• EUROPE'S HIGH-TECH HEAVY

    SAP is no household name. but if you work for a multinational corporation, chances are you're already using SAP software to file expense reports, manage customer data or monitor product deliveries. The only non-American firm among the world's top-10 software makers, SAP is also one of Europe's few high-tech success stories. A start-up founded by German engineers working for IBM, SAP is now worth $60 billion on the Frankfurt Stock Exchange. Last month SAP and Microsoft--which are increasingly competing with one another--announced they'd been in "merger" talks but called them off. CEO Henning Kagermann spoke to NEWSWEEK's Stefan Theil at the company's headquarters in Walldorf, Germany. Excerpts:THEIL: How close were you to getting bought by Microsoft?KAGERMANN: Microsoft approached us about a possible merger late last year [but] after a series of talks called it off because it would have been too complex. There was never a deal on the table.No. 1 software company Microsoft almost...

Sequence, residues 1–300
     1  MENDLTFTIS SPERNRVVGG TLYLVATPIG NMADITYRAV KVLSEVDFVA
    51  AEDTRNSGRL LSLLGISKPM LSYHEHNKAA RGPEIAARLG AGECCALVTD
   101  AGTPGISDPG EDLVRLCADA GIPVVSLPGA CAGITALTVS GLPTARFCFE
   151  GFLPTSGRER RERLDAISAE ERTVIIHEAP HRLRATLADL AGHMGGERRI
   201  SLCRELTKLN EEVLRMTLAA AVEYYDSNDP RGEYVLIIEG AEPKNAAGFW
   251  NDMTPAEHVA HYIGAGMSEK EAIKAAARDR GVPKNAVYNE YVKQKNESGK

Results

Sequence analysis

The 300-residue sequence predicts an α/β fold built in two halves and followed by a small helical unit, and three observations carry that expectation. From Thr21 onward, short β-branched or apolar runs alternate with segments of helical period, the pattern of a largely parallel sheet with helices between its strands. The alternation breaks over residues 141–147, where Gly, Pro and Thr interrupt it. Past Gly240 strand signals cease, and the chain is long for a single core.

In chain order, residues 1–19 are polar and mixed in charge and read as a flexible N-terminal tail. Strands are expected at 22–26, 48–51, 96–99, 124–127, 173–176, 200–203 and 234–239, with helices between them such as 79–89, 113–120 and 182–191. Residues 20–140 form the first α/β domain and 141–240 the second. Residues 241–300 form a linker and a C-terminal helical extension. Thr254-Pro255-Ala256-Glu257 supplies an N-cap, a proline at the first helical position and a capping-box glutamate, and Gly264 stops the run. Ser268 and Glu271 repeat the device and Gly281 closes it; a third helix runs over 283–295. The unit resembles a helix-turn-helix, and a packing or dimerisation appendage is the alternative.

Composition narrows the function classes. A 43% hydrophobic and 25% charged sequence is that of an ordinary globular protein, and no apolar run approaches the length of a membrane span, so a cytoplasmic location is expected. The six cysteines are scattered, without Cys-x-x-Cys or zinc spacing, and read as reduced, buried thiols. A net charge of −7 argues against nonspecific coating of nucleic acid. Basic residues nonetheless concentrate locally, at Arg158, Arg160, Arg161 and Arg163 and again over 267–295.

• CALCULUS FOR CATASTROPHE

    In April the International Olympic Committee took the unprecedented step of buying $170 million worth of insurance to cover its operations in case the Athens Games are interrupted by terrorism or war. Such insurance has expanded rapidly since the September 11 attacks cost the industry $40.2 billion. New U.S. regulations require other types of insurers--property, casualty, environmental--to calculate their risk of terror as well. That has meant a lot of work for catastrophists, the specialist mathematicians whose job is to predict the likelihood of the unpredictable: hurricanes, earthquakes and man-made disasters. Gordon Woo, one of the world's leading catastrophists, works for Risk Management Solutions in London. He spoke with NEWSWEEK's Stefan Theil. Excerpts:THEIL: Why is a mathematician interested in terrorism?WOO: Mathematics provides a whole new set of tools in the war on terror. There's a mathematical model for conflict called game theory, which is actually an excellent way to...